The Bible also describes the legal status of a mistress (referred to in the Bible as a concubine) and this status is also described in Roman law, and in both cases the Bible, and Roman agree that a concubine does not have the legal status of mother or wife and as consequence any children she bears do not have legal status as heirs. (For example in Roman Law Book XXVI. Title VII. Concerning Concubines.
1. Ulpianus, On the Lex Julia et Papia, Book II.
 http://www.fordham.edu/halsall/source/cjc-marriage.html
we read that " It is clear that anyone can keep a concubine of any age unless she is less than twelve years old."


 http://www.counterpunch.org/leupp12132003.html
The Counterpunch site has an interesting article on the wide variety of sexual behavior in human societies over the course of history (monogamy, or 'family values', is not the norm throughout history) and the article also points out that some sort of legally or socially recognized gay relationship existed in some form or another extending back throughout history, so in that sense, the current 'gay marriage' which mimics the current social norm of the surrounding culture, is not really something new, but rather a variation of an ancient theme

"the study of world history will really tell you that pretty much any kind of sexual behavior can become institutionalized somewhere, sometime. You know that polygamy remains normal and legal in many nations, as it was among your Mormon forebears in Utah. In Tibet, polyandry has a long history, and modern Chinese law seems powerless to prevent marriages between one women and two or three men. "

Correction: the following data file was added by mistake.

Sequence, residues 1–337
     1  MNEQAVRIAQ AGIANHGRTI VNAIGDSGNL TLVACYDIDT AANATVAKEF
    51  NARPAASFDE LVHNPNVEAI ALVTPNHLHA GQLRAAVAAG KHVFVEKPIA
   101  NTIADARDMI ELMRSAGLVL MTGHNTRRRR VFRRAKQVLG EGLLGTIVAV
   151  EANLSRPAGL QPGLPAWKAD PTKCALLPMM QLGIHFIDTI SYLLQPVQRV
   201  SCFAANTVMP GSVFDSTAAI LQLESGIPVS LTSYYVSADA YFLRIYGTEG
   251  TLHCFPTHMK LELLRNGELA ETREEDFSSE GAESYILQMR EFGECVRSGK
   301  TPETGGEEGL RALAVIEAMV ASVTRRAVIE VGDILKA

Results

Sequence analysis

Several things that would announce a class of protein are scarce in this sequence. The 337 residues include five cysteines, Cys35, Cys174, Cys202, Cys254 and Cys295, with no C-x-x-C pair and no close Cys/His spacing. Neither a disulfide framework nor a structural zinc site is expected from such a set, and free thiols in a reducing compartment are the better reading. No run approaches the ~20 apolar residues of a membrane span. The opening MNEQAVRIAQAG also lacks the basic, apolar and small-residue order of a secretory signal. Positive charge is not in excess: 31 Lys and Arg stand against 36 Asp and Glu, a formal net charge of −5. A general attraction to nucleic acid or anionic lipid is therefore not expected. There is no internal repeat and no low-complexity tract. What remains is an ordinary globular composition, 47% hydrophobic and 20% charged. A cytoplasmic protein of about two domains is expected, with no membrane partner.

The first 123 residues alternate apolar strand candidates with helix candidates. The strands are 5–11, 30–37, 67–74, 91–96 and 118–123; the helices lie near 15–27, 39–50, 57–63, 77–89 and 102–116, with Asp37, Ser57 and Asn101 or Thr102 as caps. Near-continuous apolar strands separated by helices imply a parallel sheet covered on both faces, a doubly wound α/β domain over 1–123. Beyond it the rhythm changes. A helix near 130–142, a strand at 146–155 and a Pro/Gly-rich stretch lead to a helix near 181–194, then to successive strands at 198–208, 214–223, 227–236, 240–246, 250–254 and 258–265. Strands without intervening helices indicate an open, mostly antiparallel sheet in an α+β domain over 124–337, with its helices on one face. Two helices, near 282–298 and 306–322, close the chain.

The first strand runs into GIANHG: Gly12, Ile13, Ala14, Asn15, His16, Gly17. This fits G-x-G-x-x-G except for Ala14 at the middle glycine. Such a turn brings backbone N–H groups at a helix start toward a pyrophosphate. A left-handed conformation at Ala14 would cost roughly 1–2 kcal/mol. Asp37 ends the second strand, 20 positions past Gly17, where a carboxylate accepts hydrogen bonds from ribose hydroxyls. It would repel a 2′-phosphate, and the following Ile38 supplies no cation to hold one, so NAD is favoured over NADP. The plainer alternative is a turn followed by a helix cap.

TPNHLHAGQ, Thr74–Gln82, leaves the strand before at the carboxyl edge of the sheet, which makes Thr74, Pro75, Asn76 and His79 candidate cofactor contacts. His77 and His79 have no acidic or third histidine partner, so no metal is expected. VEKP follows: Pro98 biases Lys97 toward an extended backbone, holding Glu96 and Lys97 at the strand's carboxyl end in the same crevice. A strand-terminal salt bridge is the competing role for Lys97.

It also interesting to note that most societies throughout history had some form of polygamy in practice (although for economic reasons, although polygamy was allowed it was not always possible for anyone but the wealthier members of society to practice it, and in Islam polygamy was only legal for the wealthy). It is probably no coincidence that the one society that outlawed polygamy was the Greco-Roman world at the time that Christianity evolved, and this cultural influence explains the Christian attitude towards monogamy even though the Jewish part of the Bible is completely polygamous. Most women were part of polygamous relationships since due to the constant warfare and feuding (ever read your Bible) there was a high mortality rate among men, and this fact is what made polygamy possible, although it seems likely that some men were probably excluded even so...
 http://en.wikipedia.org/wiki/Polygyny
The article also describes the female purchasing arrangement which we find described in the bible stating that " * Bride price or bride service. Men are required to buy wives by presenting the bride's family with suitable and costly gifts, or carrying out long periods of work for them. Because bride prices are often collected by the groom's family, he will never be able to marry unless he has been obedient to their will, usually for a long period."